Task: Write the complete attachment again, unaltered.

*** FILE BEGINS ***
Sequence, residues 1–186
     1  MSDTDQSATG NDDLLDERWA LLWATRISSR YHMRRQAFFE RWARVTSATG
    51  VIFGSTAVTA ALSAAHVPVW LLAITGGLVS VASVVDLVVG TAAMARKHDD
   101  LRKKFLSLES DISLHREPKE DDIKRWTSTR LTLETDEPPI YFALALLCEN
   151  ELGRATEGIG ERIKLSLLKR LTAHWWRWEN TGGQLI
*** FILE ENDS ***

Sequence, residues 1–186
     1  MSDTDQSATG NDDLLDERWA LLWATRISSR YHMRRQAFFE RWARVTSATG
    51  VIFGSTAVTA ALSAAHVPVW LLAITGGLVS VASVVDLVVG TAAMARKHDD
   101  LRKKFLSLES DISLHREPKE DDIKRWTSTR LTLETDEPPI YFALALLCEN
   151  ELGRATEGIG ERIKLSLLKR LTAHWWRWEN TGGQLI